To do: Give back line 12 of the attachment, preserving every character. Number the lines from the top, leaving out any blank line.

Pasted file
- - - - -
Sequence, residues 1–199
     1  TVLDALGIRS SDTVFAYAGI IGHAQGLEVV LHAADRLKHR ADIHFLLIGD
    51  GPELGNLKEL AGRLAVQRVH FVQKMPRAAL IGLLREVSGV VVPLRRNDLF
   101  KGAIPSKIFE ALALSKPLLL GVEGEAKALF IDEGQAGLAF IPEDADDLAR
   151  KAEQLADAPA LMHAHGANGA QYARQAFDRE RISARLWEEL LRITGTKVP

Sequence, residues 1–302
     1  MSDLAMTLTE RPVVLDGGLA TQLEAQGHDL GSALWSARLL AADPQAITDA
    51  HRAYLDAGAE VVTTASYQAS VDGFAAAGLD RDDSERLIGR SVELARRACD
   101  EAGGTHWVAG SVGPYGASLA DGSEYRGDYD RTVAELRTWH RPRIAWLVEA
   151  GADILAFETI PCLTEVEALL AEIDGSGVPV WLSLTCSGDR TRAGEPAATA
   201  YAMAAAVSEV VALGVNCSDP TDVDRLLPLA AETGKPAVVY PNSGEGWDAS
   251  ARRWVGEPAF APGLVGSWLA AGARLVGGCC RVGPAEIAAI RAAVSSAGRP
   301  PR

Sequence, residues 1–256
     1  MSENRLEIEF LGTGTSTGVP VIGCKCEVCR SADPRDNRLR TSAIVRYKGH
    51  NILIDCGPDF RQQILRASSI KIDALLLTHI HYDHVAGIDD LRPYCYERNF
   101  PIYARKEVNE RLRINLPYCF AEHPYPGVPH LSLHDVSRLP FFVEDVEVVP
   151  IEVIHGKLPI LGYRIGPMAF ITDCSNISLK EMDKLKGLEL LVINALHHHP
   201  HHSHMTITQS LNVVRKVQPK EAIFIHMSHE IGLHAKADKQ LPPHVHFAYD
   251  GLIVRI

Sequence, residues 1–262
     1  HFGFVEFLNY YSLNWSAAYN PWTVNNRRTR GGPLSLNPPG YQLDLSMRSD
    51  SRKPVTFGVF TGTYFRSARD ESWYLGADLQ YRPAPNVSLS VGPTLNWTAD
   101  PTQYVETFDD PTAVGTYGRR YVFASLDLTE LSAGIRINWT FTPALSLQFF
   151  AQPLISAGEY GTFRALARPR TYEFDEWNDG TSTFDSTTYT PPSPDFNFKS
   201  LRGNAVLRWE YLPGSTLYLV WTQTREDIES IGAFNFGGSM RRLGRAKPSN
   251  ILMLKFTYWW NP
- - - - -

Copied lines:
   251  ARRWVGEPAF APGLVGSWLA AGARLVGGCC RVGPAEIAAI RAAVSSAGRP